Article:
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Growing Azaleas - Pamela

Growing Azaleas - Pamela
Posted by kimmsr from Mi-4a/5b on 2009-04-27 09:35:00

Azaleas, like all the other Rhododendrons, are understory plants of the forest and they grow best is that kind of soil. The soil they should be planted in should be well endowed with organic matter and is evenly moist but well drained. Adding organic matter to just the planting hole of any plant going into clay soil will create a hole that will be much too wet, water will accumulate in that hole and the plants roots will rot and the plant will die.
Start working on making your soil better by contacing your state universities USDA Cooperative Extension Service about having a soil test so you know what your soils pH is (and waht you need to do to grow Azaleas) as wellas the nutrient level. Also dig in with these simple soil tests,
1) Structure. From that soil sample put enough of the rest to make a 4 inch level in a clear 1 quart jar, with a tight fitting lid. Fill that jar with water and replace the lid, tightly. Shake the jar vigorously and then let it stand for 24 hours. Your soil will settle out according to soil particle size and weight. A good loam will have about 1-3/4 inch (about 45%) of sand on the bottom. about 1 inch (about 25%) of silt next, about 1 inch (25%) of clay above that, and about 1/4 inch (about 5%) of organic matter on the top.

2) Drainage. Dig a hole 1 foot square and 1 foot deep and fill that with water. After that water drains away refill the hole with more water and time how long it takes that to drain away. Anything less than 2 hours and your soil drains too quickly and needs more organic matter to slow that drainage down. Anything over 6 hours and the soil drains too slowly and needs lots of organic matter to speed it up.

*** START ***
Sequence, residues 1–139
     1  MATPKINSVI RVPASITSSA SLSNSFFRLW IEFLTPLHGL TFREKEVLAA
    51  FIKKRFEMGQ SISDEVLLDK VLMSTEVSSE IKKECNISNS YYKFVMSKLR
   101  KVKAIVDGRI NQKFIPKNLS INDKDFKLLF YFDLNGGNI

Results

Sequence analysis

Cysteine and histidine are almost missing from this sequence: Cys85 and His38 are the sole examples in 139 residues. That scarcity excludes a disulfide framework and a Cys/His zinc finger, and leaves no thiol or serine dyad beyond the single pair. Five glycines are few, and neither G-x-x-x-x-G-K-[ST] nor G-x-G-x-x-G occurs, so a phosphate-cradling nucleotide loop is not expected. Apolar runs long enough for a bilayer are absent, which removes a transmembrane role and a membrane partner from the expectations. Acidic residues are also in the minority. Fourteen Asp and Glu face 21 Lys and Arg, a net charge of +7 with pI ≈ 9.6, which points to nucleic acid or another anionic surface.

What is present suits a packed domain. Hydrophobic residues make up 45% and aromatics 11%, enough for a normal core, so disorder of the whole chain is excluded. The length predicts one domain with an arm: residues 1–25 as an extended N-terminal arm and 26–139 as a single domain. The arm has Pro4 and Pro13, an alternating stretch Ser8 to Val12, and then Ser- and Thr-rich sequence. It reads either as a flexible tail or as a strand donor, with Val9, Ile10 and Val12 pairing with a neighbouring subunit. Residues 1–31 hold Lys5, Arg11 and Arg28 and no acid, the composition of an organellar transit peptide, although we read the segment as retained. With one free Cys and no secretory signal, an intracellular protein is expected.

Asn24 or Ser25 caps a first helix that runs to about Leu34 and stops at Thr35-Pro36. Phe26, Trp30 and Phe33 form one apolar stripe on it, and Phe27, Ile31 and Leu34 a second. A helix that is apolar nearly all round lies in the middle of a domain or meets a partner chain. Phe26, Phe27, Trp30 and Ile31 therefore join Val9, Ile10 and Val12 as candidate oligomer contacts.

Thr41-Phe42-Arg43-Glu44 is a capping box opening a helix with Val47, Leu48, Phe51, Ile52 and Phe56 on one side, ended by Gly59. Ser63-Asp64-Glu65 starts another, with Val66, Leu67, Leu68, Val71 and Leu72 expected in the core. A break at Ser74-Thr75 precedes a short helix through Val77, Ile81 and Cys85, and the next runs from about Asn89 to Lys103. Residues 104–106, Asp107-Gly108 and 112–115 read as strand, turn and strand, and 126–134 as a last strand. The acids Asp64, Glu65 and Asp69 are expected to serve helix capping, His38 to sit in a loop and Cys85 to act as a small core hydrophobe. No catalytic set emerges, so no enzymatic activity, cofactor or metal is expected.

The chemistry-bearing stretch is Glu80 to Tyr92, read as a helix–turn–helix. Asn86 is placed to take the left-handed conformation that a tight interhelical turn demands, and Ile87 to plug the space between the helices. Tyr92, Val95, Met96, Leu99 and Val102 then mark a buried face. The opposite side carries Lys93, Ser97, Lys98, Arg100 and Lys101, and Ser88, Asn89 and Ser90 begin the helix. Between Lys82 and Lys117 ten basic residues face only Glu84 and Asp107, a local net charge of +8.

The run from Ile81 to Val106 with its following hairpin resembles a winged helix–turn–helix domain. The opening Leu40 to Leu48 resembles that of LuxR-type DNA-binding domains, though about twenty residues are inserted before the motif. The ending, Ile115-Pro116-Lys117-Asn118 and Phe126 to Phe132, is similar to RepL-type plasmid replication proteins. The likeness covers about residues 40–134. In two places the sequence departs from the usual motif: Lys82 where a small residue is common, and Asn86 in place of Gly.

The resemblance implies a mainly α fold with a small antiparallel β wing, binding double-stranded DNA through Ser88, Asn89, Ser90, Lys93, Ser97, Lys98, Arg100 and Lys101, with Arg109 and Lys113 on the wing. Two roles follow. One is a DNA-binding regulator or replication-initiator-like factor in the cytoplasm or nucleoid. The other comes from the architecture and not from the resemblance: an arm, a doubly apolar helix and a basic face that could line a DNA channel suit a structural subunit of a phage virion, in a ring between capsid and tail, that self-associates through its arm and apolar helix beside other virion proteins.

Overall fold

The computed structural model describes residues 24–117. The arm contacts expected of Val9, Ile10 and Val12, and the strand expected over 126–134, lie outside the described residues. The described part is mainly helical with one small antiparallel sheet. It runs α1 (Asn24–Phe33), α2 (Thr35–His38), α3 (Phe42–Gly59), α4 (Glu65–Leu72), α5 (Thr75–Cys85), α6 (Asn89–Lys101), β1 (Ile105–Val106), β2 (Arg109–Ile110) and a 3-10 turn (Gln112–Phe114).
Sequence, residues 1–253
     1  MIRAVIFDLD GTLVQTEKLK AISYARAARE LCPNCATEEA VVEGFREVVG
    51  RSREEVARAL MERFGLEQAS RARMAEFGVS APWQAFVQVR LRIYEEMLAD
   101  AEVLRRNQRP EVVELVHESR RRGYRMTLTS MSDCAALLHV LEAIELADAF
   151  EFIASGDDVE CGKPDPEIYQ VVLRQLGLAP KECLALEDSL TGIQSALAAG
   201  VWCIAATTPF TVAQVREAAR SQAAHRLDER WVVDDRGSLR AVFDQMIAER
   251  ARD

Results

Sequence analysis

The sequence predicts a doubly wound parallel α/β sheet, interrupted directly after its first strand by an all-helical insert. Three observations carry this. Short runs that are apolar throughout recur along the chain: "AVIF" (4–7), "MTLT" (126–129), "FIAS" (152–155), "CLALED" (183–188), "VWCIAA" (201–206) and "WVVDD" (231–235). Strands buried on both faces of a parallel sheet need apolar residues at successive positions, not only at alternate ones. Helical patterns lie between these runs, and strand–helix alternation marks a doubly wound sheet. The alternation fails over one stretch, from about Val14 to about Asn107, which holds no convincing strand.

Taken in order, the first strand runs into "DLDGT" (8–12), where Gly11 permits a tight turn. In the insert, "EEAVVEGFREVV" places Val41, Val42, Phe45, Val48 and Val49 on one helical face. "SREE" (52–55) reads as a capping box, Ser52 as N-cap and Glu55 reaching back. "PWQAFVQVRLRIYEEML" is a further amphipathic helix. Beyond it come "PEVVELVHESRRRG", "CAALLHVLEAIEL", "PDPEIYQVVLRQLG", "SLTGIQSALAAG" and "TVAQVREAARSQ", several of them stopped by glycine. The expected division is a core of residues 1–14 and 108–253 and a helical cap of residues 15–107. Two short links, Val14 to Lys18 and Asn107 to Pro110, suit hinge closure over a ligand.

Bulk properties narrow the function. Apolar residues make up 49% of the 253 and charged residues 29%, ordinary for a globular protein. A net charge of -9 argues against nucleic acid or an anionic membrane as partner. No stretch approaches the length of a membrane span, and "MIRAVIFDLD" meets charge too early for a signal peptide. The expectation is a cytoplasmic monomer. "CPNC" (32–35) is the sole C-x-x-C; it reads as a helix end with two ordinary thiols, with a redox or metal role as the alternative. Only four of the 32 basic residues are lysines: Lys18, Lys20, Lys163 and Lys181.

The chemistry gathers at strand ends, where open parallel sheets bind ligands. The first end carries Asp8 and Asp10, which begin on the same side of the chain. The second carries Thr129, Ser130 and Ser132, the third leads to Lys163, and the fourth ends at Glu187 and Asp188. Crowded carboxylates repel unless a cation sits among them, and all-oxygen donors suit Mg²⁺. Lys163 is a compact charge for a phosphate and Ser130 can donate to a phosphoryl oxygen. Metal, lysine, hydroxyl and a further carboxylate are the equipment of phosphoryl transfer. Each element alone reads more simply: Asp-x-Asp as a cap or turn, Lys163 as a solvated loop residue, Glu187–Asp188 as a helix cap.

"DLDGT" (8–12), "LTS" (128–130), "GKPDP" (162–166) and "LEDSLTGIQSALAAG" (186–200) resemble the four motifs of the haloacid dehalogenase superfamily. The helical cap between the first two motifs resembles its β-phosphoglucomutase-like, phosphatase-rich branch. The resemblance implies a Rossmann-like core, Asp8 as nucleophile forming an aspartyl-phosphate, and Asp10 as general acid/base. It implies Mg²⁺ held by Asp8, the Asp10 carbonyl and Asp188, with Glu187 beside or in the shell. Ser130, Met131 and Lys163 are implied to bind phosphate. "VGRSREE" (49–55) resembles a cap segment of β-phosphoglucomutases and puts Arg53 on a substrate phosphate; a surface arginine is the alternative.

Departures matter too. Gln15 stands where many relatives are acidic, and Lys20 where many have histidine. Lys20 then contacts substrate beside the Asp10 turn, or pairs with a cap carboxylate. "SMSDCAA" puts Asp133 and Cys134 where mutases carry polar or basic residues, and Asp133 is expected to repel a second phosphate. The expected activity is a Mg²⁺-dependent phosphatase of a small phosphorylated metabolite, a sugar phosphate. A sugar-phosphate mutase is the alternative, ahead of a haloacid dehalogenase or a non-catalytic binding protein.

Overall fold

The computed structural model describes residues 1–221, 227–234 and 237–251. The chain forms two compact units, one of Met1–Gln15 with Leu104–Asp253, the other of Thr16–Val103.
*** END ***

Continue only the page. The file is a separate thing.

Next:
3) Tilth. Take a handful of your slightly damp soil and squeeze it tightly. When the pressure is released the soil should hold together in that clump, but when poked with a finger that clump should fall apart.

4) Smell. What does your soil smell like? A pleasant, rich earthy odor? Putrid, offensive, repugnant odor? The more organic matter in your soil the more active the soil bacteria will be and the nicer you soil will smell.

5) Life. How many earthworms per shovel full were there? 5 or more indicates a pretty healthy soil. Fewer than 5, according to the Natural Resources Conservation Service, indicates a soil that is not healthy.
which can help guide you into making that soil better.
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